Chief executive officer Peter King said Westpac was in a strong position to navigate potentially challenging economic conditions over the remainder of 2023, after the bank reported a 22 per cent increase in first-half profit compared to the same period a year ago.
Net profit for the six months to March 31 was $4 billion, while return on equity rose by 205 basis points to 11.3 per cent. That enabled the bank to increase the interim dividend to 70 cents per share, up from 61 cents last year.
“I was very pleased with our progress this half. We had a good financial result and the balance sheet is the strongest I've seen it,” King said, in a Wire interview. “Good lift in revenue, and costs were down, and that really drove the strong result.”
The bank’s CET1 capital ratio rose to 12.3 per cent, putting the balance sheet on a strong footing heading into what could be a tougher patch for the economy.
The level of stressed assets was little changed in the half, however credit impairment provisions have increased, reflecting the downgrade in economic forecasts. Meanwhile, credit growth is expected to moderate as the impact of 11 interest rate increases from the Reserve Bank works its way through the economy.
Mortgage lending grew over the half, and King said delinquency rates remain low. Still, he acknowledged that higher interest rates, along with broader cost of living pressures, would make repayments difficult for some customers. The bank is encouraging customers to get in contact early if they need time to adjust, he added.
The bank is also operating in a highly competitive mortgage market, with King saying in March that it was the toughest he’d seen across his entire career in the industry. The bank has “grown in a disciplined way in mortgages,” he said in posting the result.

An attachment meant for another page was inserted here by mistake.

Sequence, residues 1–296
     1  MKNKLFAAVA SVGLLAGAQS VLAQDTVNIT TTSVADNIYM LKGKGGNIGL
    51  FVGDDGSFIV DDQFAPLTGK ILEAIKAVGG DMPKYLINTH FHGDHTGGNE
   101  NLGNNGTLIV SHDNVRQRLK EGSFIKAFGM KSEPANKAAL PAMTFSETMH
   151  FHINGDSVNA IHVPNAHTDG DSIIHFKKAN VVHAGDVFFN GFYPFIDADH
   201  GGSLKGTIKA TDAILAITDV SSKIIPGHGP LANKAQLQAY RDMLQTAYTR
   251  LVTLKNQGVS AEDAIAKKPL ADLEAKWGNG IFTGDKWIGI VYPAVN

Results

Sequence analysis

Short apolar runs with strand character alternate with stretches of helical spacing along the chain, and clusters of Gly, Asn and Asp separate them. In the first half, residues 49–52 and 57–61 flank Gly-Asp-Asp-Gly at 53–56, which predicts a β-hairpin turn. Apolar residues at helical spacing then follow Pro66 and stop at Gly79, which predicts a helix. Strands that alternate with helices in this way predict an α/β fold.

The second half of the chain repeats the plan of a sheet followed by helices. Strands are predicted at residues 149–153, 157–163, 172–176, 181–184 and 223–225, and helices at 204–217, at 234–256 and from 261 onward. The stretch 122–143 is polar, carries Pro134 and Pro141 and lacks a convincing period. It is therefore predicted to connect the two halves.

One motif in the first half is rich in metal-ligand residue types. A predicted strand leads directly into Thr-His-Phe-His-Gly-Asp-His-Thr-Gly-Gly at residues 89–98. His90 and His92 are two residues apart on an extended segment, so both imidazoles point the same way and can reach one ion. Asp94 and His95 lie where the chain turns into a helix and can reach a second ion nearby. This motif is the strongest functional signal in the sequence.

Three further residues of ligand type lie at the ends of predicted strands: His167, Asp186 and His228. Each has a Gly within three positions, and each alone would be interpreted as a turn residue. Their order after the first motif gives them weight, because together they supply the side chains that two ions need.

Net interest margin improved by 5 basis points to 1.96 per cent, in line with the broad industry trend, but remains low in historical terms. Core NIM, which excludes notable items, and Treasury & Markets, expanded by 20 basis points to 1.90 per cent.
“I'm really pleased with the way we've managed margins this half,” said chief financial officer Michael Rowland. “We're conscious of the impact on customers, but it is a very competitive landscape that we operate in.”
The bank continued to reduce its cost base, with the expense to income ratio declining to 45.9 per cent. That reflects over $1 billion in savings since the 2020 financial year.
“Importantly, we've been able to simplify our processes, and make the experience for our customers better,” Rowland said.
The focus of cost reporting will switch from an absolute expense target to the expense to income ratio relative to peers, to better reflect the impact of inflationary pressures, regulatory requirements, and the bank’s focus on growth.
Most business segments reported profit growth over the first half, with business and institutional banking in particular seeing a strong improvement.
Westpac exited a further two non-core businesses in the half and opened its 50th co-located branch, which King said reflected the progress made on making a simpler, stronger bank.
“The progress we have made sees us in a position to increase our growth aspirations over time in key markets such as business lending, while managing downside economic scenarios.”
Westpac has embarked on a refreshed strategy, underpinned by four priority areas: putting customer care at the heart, being easy to do business with, providing expert solutions, and advocating for positive change.
“We're looking through some of the short-term challenges and thinking about where we want to take the bank in the medium term,” King said. “We're in a really good shape heading into what will be a tougher outlook.”
For full disclosure of the bank’s full year results, visit the 1H23 results hub.